It’s the end of the year, and we’re all doing our end-of-year lists. What games were amazingly successful? What games were hilarious failures? What games got my hopes up before being delayed until 2016?

That’s all interesting stuff to talk about, but it’s kind of odd how these end-of-year lists focus on games that released in the last year, and not so much on what people played in the last year.

I’m not suggesting that the music industry is a good thing for the videogame industry to emulate (please no) but it’s worth noting that (for example) the Billboard Top 100 songs is based on public interest, not release date. Which means that old songs can rocket up the chart, even years after release.

If we had an equivalent chart for videogames, then Minecraft would still be high on those charts, even four years after release. In the last two years, Minecraft has sold 8 million units just on the PC. 4 million units a year is a really good showing for a new AAA game, but here we’re talking about an indie game that launched four years ago. (And actually started selling six years ago.)

More people own Minecraft on the PC than own the XBox One or Wii U. When the pocket edition is taken into account, Minecraft is the third highest selling game of all time, only losing out to the 30 year old Tetris, and Wii Sports. (Because Wii Sports was the pack-in game on the Wii.) With no marketing campaign, Minecraft is (as of this writing) still selling around 7,000 units a day.

Minecraft isn’t just a single game. It’s the foundation for an ever-growing collection of interconnected mods that completely transform the game in countless ways. Do you want the game to be harder? More like an RPG? More pets? More hats? More fancy craftable furniture? Real time shadows, bump mapping, or bloom lighting? More worlds to explore? More technical machines to build? Want to build rockets to go to the moon? More pets? Yup. There’s a mod for that. In fact, there are often several. Even Skyrim can’t hold a candle to the sheer scope of Minecraft mods.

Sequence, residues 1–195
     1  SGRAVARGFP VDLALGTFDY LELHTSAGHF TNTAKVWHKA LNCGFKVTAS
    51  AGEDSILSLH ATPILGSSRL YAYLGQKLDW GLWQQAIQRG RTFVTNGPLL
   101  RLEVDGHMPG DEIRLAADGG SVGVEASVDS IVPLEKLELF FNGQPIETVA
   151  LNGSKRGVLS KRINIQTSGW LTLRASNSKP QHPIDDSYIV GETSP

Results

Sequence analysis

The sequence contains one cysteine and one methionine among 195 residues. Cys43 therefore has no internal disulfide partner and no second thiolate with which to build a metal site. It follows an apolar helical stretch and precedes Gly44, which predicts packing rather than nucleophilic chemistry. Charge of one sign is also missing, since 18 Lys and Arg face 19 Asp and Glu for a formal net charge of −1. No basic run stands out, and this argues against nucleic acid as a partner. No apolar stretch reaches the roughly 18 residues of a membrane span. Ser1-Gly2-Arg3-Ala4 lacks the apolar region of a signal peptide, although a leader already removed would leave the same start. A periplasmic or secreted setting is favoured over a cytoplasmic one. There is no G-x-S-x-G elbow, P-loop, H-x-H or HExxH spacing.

And despite all that, Minecraft isn’t usually part of our discussions in the gaming community. If you went solely by the articles you see on major gaming sites (ignoring this article, obviously) you might assume everyone had stopped playing Minecraft a couple of years ago.


You might argue that it’s just that critics had their say years ago and don’t want to repeat themselves. Except, you’d get the same result if you looked at the average gaming-site forum: You’ll see far more articles and threads about (say) the new Tomb Raider game or the new Minecraft adventure game spinoff from Telltale, despite the fact that Minecraft probably has several orders of magnitude more hours played than either game. The Minecraft discussion has retreated into a subculture of Minecraft-focused forums and YouTube channels, and we rarely glimpse it from out here.

This isn’t a bad thing. I’m not saying we need “more” articles on Minecraft. (We probably have as many articles as people care to read.) I just find it strange that this game has basically vanished from the discussion while still seeing a regular release of new mods, new players, and servers logging thousands and thousands of hours of player time. Imagine if in the heyday of World of Warcraft, hardly anyone felt the need to write articles about it.

Minecraft is the elephant in the room. Minecraft has basically transcended gaming culture. It’s so big nobody feels the need to discuss it. It’s so big its presence is taken for granted.

(Have a question for the column? Ask me!.)

Shamus Young is a programmer, critic, comic, and survivor of the dot-com bubble.


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